“The potential of [Argentina] in the wine industry is astonishing; the diversity of its future development, breathtaking. Perhaps this potential is better appreciated by those of us who are escaping the conservative production regimes of the traditional European wine countries. If there is one place on earth where all the optimum conditions for the development of a new and formidable wine industry- climate, soil, costs, human resources, and little bureaucratic regulation- exist together, that place . . . is Argentina.”
- Michelle Rolland, EGOWINES, 2003
“By the year 2015, the greatness of Argentine wines made from the Malbec grape will be understood as a given. This French varietal has reached startling heights of quality in Argentina. Both inexpensive, delicious Malbecs and majestic, profoundly complex ones from high elevation vineyards are already being produced, and by 2015 this long-ignored grape’s place in the pantheon of noble wines will be guaranteed.”
- Robert Parker, Food and Wine Magazine, 2004
These are exciting times in the wine industry in Argentina. Argentina has exploded onto the world wine export market in recent years with the amount of Argentine wine imported to the United States increasing over 40% per year in each of the past five years. There are many factors contributing to the growing popularity and quality of Argentine wine.
Argentina is the fifth largest wine producing country in the world. Winemaking and vineyards were well established by the middle of the 1800s by Spanish, Italian, and other European immigrants who brought their traditional grape varieties from Europe to plant in the New World. Until the 1990s, most Argentine wine was bulk wine made for domestic consumption. In the past two decades, the focus has shifted from bulk production for the domestic market to high quality wines for the export market. This shift has been caused by several factors, including a favorable exchange rate, surplus old growth vines from declining per capita domestic consumption, and the discovery of Argentina by European and American winemakers. As a result of the introduction of modern winemaking and vineyard management techniques, the Argentine wine industry has been transformed.
Argentina is uniquely blessed with a geography and climate that allows production of superior grapes in relatively controlled, almost ideal climate conditions, with almost no chemical treatment of the vines and grapes. The main wine regions are in semi-arid, desert conditions at the foot of the Andes mountains. The weather is extremely sunny, so the vines receive an abundance of sunshine to fully ripen. Although rain is sparse, the vineyards are irrigated by water originating in the towering, snow covered peaks of the Andes Mountains, which reach almost 22,000 feet. Irrigation allows maximum control of watering conditions, and thus there is little risk of too much or too little rain. This environment results in great consistency in the quality of wine produced from year to year, unlike in Europe.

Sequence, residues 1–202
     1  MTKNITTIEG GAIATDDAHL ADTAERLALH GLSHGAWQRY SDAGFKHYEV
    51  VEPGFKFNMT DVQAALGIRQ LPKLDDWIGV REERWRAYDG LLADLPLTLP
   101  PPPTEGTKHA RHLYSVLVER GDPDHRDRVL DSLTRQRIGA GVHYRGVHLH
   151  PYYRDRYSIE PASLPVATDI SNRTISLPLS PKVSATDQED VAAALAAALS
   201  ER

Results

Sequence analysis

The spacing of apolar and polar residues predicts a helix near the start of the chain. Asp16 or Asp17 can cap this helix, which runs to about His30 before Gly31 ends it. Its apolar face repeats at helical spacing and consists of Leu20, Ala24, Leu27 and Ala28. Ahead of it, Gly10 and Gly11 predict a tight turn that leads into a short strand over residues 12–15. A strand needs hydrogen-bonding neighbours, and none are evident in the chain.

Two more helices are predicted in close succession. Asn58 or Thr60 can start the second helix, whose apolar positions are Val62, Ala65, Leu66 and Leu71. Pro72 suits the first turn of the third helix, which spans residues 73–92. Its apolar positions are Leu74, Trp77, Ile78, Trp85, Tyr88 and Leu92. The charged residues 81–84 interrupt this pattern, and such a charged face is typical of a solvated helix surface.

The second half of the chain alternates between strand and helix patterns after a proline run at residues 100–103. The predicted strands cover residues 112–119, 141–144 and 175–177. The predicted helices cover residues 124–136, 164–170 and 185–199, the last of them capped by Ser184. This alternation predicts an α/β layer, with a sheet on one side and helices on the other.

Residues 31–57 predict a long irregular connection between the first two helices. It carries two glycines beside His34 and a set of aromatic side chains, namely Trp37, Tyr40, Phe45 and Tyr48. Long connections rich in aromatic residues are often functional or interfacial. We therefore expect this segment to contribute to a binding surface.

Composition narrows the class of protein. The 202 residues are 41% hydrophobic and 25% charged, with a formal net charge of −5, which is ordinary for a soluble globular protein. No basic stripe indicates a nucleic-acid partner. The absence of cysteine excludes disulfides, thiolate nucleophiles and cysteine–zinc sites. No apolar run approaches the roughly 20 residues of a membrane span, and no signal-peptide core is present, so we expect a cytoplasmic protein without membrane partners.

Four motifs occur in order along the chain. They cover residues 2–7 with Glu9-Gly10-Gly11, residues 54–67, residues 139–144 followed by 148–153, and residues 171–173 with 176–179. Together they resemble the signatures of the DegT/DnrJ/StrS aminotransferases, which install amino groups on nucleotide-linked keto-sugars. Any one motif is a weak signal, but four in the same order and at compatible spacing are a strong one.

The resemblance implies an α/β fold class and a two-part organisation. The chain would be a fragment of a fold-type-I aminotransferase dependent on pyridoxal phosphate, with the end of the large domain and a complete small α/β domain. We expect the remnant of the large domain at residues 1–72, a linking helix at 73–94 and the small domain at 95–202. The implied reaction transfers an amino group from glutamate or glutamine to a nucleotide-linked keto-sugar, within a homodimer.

Many of the vineyards are at elevations over 1000 meters above sea level, which results in important benefits for the vines. First this elevation has warm temperatures in the day and cool temperatures in the night (these can often vary from 95 degrees in the day to 42 degrees at night in the summer months), which is ideal for grapes as it creates more sugars, tannins, and other complex substances in the grape. Also, the strength of the sun’s rays at this elevation produces more pure color in the grape.
Of particular and growing interest is the fact that the dry climate and altitude of Argentina’s vineyards means the grapes can be grown almost completely organically, with minimal to no use of pesticides which are commonly required in most humid wine regions such as those in France and the United States. Other than the small amounts of sulphites used in the winemaking process to preserve the wine, many Argentine wines are 100% organic and free of any chemical treatment. The vines are also more resistant to pests (notably the Phylloxera insect), and many vines are over 75 years old.
Finally, while exchange rates continue to make European and other wines more expensive, the favorable exchange rate with the Argentine peso and low costs of production make these wines outstanding values in today’s marketplace.
Almost ideal climate and geography, an abundance of old vine vineyards, a new focus on quality production, and favorable exchange rates have all combined to make Argentina a bright and emerging star in the world of wine.